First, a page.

21:28 GMT06 June 2020
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    The United States and Japan struck a bargain to enhance bilateral military cooperation in Asia, amid heightened tensions in the South China Sea region and North Korea’s provocative ballistic missile program.

    Two Terminal High Altitude Area Defense (THAAD) interceptors are launched during a successful intercept test.
    © REUTERS / U.S. Department of Defense, Missile Defense Agency/Handout
    The agreement was voiced as Japanese Prime Minister Shinzo Abe met with the head of the US Pacific Command, Adm. Harry Harris, in Tokyo on Tuesday, the Japan Times reported.

    During the meeting, Abe praised last year’s revision of Tokyo’s cooperation agreement with Washington and changes in Japanese military doctrine, stressing that those “encouraging” moves facilitated a deterrence against North Korea’s nuclear missile experiments.

    The changes in the Japanese military doctrine were made last year, and allow for the country’s Self-Defense Forces to participate in foreign military operations, upon the request of an ally. The step caused a backlash among the Japanese public, with many protesting what they claim is a shift toward militarization.

    Prior to the changes, Tokyo adhered to a pacifist ideology secured by Article 9 of the country’s constitution. Adopted under US occupation in 1947, Article 9 allows Self-Defense Forces (SDF) to take part only in operations on their soil, stating that Japan must “forever renounce war as a sovereign right of the nation.”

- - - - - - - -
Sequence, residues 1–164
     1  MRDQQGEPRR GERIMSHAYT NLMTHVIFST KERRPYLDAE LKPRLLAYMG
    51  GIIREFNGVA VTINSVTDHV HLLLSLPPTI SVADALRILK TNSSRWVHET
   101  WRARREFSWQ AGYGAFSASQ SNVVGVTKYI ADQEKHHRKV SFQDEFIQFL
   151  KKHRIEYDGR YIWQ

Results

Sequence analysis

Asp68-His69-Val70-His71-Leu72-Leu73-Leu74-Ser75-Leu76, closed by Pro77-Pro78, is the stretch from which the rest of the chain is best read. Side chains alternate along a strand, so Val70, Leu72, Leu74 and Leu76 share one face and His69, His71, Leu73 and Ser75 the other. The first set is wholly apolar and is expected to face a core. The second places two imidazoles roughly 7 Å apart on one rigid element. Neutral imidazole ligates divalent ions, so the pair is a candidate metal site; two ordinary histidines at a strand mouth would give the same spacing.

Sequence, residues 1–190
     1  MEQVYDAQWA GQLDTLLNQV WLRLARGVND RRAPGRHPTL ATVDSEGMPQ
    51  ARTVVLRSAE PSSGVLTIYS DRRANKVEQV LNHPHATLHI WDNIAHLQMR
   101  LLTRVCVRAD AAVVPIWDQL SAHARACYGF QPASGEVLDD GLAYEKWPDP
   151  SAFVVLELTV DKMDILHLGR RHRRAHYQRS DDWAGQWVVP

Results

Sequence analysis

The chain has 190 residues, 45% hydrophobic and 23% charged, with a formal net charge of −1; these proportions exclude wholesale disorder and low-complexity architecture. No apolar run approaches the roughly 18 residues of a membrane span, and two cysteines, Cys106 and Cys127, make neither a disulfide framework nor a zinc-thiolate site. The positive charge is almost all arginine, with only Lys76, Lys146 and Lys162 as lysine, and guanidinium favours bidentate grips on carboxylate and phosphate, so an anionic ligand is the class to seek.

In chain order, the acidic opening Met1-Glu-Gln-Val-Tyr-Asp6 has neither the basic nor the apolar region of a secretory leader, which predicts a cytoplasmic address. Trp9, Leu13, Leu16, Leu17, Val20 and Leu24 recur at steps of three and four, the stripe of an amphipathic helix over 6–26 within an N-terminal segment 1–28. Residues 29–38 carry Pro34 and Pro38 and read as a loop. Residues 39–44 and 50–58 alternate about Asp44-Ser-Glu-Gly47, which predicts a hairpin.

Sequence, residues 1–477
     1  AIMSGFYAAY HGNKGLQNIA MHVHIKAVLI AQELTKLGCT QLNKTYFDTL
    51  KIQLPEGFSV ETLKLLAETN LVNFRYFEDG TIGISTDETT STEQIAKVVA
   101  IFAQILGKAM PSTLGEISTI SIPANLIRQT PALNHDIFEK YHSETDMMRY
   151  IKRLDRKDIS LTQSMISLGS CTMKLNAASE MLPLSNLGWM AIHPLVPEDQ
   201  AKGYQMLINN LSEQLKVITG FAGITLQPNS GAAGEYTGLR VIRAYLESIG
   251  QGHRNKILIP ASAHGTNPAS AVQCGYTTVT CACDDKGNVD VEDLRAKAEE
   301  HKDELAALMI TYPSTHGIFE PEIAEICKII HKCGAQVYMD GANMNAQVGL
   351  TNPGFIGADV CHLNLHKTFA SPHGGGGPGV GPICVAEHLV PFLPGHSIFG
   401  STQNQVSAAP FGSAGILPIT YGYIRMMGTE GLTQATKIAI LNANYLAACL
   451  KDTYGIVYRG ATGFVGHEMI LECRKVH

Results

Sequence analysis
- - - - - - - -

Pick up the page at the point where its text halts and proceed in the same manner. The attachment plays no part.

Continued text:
“I believe, and I know Adm. Kuwano believes, that the Japan-US alliance is the key to peace and stability in (the Asian region),” Harris said to Abe on Tuesday, referring to Katsutoshi Kawano, chief of the SDF’s Joint Staff, with whom he met on the previous day.

    The meeting comes in the wake of a non-binding decision by the Hague on the disputed areas in the South China Sea. An international tribunal ruled that China’s claims on the most of the sea’s territories are without merit, in a case brought to the court by the Philippines in 2013.

    The gesture was taken by Tokyo as a glimpse of hope, as it has territorial disputes with Beijing as well. Both countries claim the rights on the Senkaku Islands in the East China Sea.

    Chinese dredging vessels in the waters around Mischief Reef in the disputed Spratly Islands in the South China Sea in this still image from video taken by a P-8A Poseidon surveillance aircraft provided by the United States Navy May 21, 2015.
    © REUTERS / U.S. Navy/Handout
    Amid the dispute, relations between China and Japan have become tense. Recently, Tokyo expressed concerns over Chinese ships sailing the waters surrounding the Senkaku archipelago. Beijing, in turn, accused Japanese military of locking missiles on two of China’s Su-30 fighter jets during an overflight of the East China Sea.

    The United States and Japan, during Tuesday’s talks, also discussed the relocation of the US Marine Corps Futenma airbase in Okinawa to the island’s coast. Harris thanked Abe for his support of the facility’s relocation, which was met with protest on the island prefecture.


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    disputes, Admiral Harry Harris, Sindzo Abe, Senkaku Islands, United States, South China Sea, East China Sea, Japan, China
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